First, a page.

Self-compacting concrete becomes more sustainable thanks to using granite residue
The basis of the construction industry clashes head-on with environmental sustainability. Extracting raw materials and turning them into building materials has high energetic costs. Granite production, totaling 614,000 tons in Spain in 2013, leaves behind it a series of residues that are difficult to manage. This is the case of granite sludge, the material that results from the mixture of dust particles given off during the cutting process and the water used to cool the blade. When granite sludge is dumped at a landfill and the water evaporates, the silicon dust ends up going into the atmosphere and can be inhaled, with negative health consequences. It can also interfere with normal soil mechanics.
Aiming to properly manage these residues and in doing so prevent health and environmental problems, three University of Cordoba research groups have joined forces to analyze the feasibility of using granite sludge to substitute conventional aggregates in self-compacting mortar.
In this vein, "it is possible to substitute up to 40% of conventional aggregates for granite sludge while still maintaining the mortar's qualities of durability, strength and compaction," according to the lead researcher working on the study, Angélica Lozano, from the the Construction Engineering group at UCO. Thus, granite sludge becomes a sustainable alternative to using conventional aggregates.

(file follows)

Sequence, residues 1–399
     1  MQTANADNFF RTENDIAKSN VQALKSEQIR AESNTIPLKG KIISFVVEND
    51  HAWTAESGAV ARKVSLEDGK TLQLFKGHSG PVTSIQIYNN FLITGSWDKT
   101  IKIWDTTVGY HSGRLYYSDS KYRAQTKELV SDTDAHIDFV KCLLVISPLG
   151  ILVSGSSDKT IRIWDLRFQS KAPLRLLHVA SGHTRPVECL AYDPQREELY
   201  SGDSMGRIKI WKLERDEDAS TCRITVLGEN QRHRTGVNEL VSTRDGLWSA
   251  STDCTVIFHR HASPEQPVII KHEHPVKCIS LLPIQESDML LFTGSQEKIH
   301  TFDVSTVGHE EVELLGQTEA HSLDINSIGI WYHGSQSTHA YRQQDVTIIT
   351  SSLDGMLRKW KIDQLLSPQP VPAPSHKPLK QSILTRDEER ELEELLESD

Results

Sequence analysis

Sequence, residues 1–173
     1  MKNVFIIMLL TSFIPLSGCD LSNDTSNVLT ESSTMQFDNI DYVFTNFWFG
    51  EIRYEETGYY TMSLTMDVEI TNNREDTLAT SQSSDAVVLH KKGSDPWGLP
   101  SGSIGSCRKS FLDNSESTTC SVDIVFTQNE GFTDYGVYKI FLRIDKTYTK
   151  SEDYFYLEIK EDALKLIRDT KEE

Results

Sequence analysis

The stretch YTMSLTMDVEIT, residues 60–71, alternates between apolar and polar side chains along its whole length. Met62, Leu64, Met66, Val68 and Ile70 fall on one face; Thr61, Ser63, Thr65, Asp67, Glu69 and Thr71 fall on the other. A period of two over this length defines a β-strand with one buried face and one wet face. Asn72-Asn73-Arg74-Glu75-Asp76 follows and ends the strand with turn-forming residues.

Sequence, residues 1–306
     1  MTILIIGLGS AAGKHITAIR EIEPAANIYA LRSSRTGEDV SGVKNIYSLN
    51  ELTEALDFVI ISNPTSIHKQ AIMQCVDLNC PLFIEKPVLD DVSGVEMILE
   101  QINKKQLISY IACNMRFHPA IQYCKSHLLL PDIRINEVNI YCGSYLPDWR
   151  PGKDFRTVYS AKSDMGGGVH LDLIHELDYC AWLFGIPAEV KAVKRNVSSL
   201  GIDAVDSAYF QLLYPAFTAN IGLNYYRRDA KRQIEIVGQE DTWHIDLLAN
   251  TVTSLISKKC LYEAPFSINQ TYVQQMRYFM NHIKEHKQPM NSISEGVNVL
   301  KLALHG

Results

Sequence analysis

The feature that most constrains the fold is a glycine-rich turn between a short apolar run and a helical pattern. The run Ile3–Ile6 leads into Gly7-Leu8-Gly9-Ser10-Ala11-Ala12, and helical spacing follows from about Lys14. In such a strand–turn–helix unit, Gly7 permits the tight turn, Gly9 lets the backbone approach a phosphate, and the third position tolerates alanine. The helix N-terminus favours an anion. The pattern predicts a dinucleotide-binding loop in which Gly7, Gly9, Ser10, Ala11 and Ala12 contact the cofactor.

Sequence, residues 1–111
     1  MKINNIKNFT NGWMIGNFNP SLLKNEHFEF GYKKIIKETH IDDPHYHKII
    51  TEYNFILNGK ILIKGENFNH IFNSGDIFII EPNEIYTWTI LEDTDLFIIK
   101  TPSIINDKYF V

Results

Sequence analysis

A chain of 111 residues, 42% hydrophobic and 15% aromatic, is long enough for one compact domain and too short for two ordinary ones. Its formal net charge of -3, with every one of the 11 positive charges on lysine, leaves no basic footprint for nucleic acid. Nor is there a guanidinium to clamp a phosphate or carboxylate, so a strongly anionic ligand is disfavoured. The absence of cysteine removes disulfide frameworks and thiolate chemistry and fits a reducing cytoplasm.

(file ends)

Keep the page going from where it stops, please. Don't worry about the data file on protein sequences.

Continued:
Working in synergy with each other are the groups of Construction Engineering, Materials and Applications and Plasma Physics: Characterization, Models and Applications, led by Professors José Ramón Jiménez, José María Fernández and Antonio Rodero respectively.
Two aims are accomplished: managing a residue that is bad for our health, and the environmental sustainability of self-compacting concrete, currently one of the most sought-after materials in the building industry since it can be compacted without having to apply compaction energy. Despite the advantages of this new material, the need for a high percentage of aggregates to be extracted is not environmentally sustainable. However, using granite sludge will greatly help solve the problem of this lack of sustainability.